Much Ado About Gaga… Or Is It?: Why Body Bashing Is Hurting All of Us
The media frenzy over Lady Gaga’s weight gain is an attack against our bodies and well-being.
Take a peek at almost any celebrity news site and you’ll be struck with photo after photo of Lady Gaga. But the text accompanying these images isn’t discussing her latest show-stopping getup or musical abilities.
An article in the Daily Mail says that Mother Monster is “looking much bigger than usual around her thigh and hip region.” The rest of the piece contains unflattering images of the songstress, with commentary by a nutritionist who has never treated Gaga. He “confirms” that she has gained 30 pounds.
And it only gets worse from there. Examiner reporter Tom Rose penned a scathing article titled “The Fat Lady Gaga Sings,” commenting that “she’s giving in to the temptation for spicy meatballs much more than an Italian salad these days.” Ever aiming to be the paper of record, the New York Daily News’ Ethan Sacks wrote, “Lady Gaga looks ‘Gaga-gantuan.’” I think I lost a few brain cells from reading the headline alone.
The flood of unprofessional, childish articles about this woman’s size caused Refinery 29 to wonder what it was about Gaga’s body that could transform otherwise decent journalists into schoolyard bullies. However, while I’m grateful that someone called them out on this one, condemning just one instance of body-trashing is like criticizing one battle of an unjust war.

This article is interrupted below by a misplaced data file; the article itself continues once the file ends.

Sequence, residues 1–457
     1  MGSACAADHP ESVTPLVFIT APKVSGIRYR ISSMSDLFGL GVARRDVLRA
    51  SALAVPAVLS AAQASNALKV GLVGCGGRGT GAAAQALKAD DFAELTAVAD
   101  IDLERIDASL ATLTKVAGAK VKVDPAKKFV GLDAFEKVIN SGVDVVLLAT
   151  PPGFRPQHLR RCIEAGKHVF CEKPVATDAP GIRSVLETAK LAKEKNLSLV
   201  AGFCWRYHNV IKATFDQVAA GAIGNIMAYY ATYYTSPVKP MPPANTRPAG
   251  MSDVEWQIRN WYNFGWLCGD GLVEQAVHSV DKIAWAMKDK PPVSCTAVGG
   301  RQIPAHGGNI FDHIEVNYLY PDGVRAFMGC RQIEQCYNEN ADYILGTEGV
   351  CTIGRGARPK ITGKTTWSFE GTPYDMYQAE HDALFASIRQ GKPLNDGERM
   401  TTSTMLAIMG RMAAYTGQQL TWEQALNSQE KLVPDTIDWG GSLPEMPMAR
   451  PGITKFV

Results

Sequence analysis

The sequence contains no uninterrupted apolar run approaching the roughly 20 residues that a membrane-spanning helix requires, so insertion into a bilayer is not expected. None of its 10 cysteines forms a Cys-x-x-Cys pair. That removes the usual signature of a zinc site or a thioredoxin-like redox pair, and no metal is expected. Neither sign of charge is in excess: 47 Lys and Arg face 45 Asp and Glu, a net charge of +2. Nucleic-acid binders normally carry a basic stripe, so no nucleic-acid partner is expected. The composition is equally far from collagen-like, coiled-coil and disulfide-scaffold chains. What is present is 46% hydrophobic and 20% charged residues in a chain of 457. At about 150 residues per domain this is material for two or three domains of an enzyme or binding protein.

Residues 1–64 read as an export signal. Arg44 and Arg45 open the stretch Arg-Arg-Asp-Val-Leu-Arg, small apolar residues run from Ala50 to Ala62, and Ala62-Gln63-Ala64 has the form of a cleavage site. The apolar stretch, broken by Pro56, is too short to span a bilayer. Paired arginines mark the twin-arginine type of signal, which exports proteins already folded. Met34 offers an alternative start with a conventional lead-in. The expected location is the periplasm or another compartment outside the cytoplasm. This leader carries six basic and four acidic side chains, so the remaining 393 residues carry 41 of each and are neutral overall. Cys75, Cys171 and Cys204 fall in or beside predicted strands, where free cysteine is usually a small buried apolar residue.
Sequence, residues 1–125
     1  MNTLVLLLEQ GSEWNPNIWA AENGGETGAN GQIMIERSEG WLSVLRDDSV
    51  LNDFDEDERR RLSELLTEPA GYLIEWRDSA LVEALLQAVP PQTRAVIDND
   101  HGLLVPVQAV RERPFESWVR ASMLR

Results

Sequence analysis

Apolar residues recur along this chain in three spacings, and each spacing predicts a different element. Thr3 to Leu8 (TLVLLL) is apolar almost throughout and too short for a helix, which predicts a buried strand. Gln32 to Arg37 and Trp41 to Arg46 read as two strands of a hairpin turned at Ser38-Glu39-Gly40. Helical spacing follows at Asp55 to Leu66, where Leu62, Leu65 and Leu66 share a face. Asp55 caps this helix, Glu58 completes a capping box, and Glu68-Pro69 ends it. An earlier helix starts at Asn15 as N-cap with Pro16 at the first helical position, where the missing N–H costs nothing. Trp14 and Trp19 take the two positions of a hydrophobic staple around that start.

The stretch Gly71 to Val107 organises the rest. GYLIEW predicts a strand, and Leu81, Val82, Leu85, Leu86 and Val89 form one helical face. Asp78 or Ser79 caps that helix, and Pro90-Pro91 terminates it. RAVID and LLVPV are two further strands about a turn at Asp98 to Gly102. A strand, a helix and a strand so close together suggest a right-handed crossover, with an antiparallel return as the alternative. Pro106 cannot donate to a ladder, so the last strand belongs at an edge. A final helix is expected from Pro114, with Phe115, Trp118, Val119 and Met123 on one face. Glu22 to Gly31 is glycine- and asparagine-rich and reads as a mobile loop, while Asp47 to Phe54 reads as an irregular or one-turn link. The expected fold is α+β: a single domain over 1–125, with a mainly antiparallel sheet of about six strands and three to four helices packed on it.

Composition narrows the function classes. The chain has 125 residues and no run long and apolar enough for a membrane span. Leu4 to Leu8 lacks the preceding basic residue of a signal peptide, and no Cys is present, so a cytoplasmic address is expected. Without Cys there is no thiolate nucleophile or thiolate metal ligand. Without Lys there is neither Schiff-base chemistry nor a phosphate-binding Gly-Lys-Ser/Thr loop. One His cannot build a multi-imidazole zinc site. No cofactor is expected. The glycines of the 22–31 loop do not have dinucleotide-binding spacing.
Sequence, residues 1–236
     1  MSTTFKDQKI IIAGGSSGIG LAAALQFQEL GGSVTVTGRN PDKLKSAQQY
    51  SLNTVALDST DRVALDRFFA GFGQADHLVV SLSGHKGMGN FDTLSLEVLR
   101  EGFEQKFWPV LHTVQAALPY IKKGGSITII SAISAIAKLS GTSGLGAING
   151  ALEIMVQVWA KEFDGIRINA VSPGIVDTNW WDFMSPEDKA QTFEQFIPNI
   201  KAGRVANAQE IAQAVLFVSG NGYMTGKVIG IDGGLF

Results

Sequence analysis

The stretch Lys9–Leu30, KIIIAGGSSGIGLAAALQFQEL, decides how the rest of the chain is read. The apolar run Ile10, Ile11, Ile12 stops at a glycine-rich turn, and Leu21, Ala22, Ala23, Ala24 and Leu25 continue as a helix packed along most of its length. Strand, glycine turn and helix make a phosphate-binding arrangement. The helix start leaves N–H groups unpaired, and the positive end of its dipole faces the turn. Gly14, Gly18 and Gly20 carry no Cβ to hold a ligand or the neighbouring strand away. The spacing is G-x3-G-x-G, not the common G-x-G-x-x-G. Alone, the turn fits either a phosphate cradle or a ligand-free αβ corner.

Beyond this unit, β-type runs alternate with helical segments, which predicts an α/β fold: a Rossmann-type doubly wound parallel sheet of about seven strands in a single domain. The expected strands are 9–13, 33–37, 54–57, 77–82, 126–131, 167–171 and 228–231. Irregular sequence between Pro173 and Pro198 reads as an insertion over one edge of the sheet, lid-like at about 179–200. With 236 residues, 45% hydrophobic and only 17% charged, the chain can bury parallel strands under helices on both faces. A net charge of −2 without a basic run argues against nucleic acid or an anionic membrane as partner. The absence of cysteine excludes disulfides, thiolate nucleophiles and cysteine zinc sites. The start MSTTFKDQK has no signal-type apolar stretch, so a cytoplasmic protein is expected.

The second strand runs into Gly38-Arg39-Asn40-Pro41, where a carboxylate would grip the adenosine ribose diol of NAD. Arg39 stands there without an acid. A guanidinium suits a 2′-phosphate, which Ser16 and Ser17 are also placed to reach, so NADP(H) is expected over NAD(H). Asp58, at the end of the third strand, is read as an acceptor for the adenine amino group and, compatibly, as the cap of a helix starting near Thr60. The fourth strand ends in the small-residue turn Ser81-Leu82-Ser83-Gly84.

This past year alone, Jennifer Lawrence was deemed by critics as too curvaceous for the role of Katniss Everdeen. Ashley Judd’s “puffy face” became a sensationalized media story. Jessica Simpson’s weight gain became an unhealthy public obsession.
Celebrities aside, how many front-page stories about female crime victims or community heroines have opened with details about their physical attractiveness? “Buxom and blonde”… “wide-eyed brunette beauty”… “fiery red head”… The list goes on and on.
These attitudes affect all women, whether they’re featured in newspapers and magazines or whether they just subscribe to them. When the media flagrantly attacks us for our physical appearance, they are saying that we are scornful and worthless if we don’t fit idealized notions of beauty.
And it’s making us feel terrible about ourselves. According to a Glamour survey, 97 percent of the 300 women interviewed admitted to putting their bodies down. On average, the number of times participants had negative thoughts about their bodies was 13 times every single day, with some reaching as many as 100.
With that said, we’re far from passive victims in a system that values us based on the clothes we wear, the shape of our thighs, and the color of the lipstick in our makeup bags. In her Daily Beast response to the “puffy face” comments, Judd remarked that “Patriarchy… is subtle, insidious, and never more dangerous than when women passionately deny that they themselves are engaging in it.”
And we can’t afford to deny this; women’s names are bylines on some of the harshest stories and all over the comment boards. By participating in the body bashing, we’re only hurting our own well-being.
These reports exist because we click and comment and share. But what if, instead of poking fun at a woman’s weight, we complained to the publication’s editor? What if we joined the growing force of readers who refuse to accept crude, sensationalistic stories without question? Every day, we have a choice. We can choose to tear down other women or we can choose to lift them up, imperfections and all. So what will you do?
Diana Denza is a regular contributor to BettyConfidential.